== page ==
×
Cookies help us deliver our Services. By using our Services, you agree to our use of cookies. Learn More.

Disaster movie hidden gems on Netflix you need to see

This content was paid for by Netflix and created by Looper.

Do you ever feel like everything in the world is just going a little too well, that you're waiting for something to finally go wrong for once? No? Not lately? Well, how about a story that reminds you that things could somehow be worse? There we go. Who doesn't love a good yarn about deadly weather, catastrophic accidents, or human hubris gone horribly awry?

The disaster film is a storied and illustrious subgenre that confronts us all with the question of what we would do when faced with unspeakable circumstances. These movies provide us with an opportunity to imagine what we would do to survive the unthinkable. Sometimes they even stand as a memorial to real-life people who were confronted with adversity and tragedy we hardly dare imagine.

If you're looking to have that kind of experience from the safety of your living room, we've got some recommendations for the best disaster films you can watch right now on Netflix, featuring everything from earthquakes to fires, from alien invasions to parties gone so very wrong.

Occupation

Australians are very used to dealing with horrifying beasties. Walking sharks. Enormous insects. 150-foot siphonophores. But how would your average outback dweller react to a close encounter of the third kind? That's the question answered by Occupation, an independent alien invasion thriller from down under about a contingent of down-to-earth citizens who forge a resistance movement after their rural community is decimated by heavily armed extraterrestrials.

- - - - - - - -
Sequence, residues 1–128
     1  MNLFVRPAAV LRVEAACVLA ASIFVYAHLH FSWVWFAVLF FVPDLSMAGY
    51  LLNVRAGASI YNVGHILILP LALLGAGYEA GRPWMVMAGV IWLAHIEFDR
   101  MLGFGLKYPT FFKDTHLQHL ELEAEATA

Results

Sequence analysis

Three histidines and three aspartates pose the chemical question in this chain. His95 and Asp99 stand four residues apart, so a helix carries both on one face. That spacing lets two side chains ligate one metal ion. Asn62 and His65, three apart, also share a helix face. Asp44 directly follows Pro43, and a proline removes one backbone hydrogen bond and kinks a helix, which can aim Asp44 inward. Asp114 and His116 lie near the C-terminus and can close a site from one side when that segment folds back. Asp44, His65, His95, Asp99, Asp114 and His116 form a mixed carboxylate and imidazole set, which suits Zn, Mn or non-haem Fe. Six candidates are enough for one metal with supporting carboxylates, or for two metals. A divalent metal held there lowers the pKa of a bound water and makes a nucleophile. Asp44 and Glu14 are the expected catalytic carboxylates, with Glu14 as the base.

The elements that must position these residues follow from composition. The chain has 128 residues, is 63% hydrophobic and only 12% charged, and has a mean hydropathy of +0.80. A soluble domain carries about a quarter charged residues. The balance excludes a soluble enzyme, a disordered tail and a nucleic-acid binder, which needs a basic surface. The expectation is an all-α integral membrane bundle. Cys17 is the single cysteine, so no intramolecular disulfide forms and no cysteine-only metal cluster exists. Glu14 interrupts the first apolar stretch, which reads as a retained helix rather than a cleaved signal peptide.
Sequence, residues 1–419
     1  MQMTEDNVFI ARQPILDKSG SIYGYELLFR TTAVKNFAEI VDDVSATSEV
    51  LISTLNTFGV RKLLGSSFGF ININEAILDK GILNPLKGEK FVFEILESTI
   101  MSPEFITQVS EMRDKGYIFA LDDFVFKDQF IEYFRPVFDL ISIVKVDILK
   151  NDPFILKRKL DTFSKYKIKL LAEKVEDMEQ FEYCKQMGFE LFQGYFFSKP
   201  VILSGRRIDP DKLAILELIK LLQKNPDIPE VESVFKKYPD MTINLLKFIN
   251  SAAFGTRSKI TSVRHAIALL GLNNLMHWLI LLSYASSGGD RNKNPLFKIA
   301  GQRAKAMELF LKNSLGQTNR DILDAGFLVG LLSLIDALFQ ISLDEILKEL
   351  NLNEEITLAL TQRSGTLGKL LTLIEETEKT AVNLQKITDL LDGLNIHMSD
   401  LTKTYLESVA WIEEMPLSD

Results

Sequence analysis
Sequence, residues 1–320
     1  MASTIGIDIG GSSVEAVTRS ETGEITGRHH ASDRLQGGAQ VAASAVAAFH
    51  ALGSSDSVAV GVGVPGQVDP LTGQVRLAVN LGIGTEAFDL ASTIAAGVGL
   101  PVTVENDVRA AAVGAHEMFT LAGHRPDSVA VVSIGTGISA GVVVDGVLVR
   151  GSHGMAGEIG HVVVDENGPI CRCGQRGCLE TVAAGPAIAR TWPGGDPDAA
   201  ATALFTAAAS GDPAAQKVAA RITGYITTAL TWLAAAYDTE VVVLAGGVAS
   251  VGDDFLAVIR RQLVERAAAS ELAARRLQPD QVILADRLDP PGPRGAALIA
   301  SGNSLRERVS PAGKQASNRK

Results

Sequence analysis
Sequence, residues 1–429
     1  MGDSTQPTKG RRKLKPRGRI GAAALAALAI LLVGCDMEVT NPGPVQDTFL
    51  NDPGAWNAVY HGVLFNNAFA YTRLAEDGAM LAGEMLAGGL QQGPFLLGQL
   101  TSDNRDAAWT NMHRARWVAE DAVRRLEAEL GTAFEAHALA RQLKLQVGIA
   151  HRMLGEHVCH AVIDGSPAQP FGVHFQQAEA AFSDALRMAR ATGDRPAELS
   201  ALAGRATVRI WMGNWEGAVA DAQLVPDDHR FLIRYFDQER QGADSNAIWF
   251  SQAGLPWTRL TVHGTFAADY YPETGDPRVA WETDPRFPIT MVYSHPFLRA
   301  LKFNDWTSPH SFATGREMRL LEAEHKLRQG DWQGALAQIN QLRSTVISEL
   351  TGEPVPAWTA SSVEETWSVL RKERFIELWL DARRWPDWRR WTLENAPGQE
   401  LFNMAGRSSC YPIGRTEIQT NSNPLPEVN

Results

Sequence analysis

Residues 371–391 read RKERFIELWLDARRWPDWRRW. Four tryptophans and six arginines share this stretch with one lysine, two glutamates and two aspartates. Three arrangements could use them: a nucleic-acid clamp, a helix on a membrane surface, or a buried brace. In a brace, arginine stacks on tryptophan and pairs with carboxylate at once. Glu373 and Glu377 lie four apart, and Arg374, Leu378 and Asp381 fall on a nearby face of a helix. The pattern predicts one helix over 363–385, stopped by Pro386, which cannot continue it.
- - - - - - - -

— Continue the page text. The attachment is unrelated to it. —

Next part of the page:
While Occupation isn't as slickly polished or filled with the dazzling destruction of examples from Michael Bay or Roland Emmerich, director Luke Sparke and his crew make highly impressive use of their limited budget. Meanwhile, the action is grounded by the interpersonal drama playing out among a talented cast, which includes a couple of faces American audiences might recognize — like once and future Fett Temuera Morrison and genre stalwart Bruce Spence, for instance.

Somewhere between Independence Day and District 9, Occupation waits to be discovered. Now is a perfect time to catch up with it before the sequel, Occupation: Rainfall, arrives on our shores this fall.

93 Days

For some reason, films about pandemics have been climbing the streaming charts this year. For instance, people couldn't stop watching Stephen Soderbergh's Contagion in the spring. Now, if that's really the sort of mood you're in, you should absolutely check out 93 Days. Anchored by a gripping performance from Danny Glover, this 2016 Nigerian drama takes you into the agonizing true story of the medical professionals who put their lives on the line to contain the 2014 Ebola outbreak.

Where some dramatizations of such a subject might take a cold and clinical approach to the crisis and its global stakes, 93 Days is a strikingly intimate film. Dedicated to Dr. Ameyo Adadevoh, who succumbed to the virus in the course of her work to stop its spread, this is a story determined to honor the extraordinary bravery of ordinary people and memorialize the work of a dedicated few who saved countless lives. That's why Ventures Africa called it "one of the most important movies ever made."

Lifeline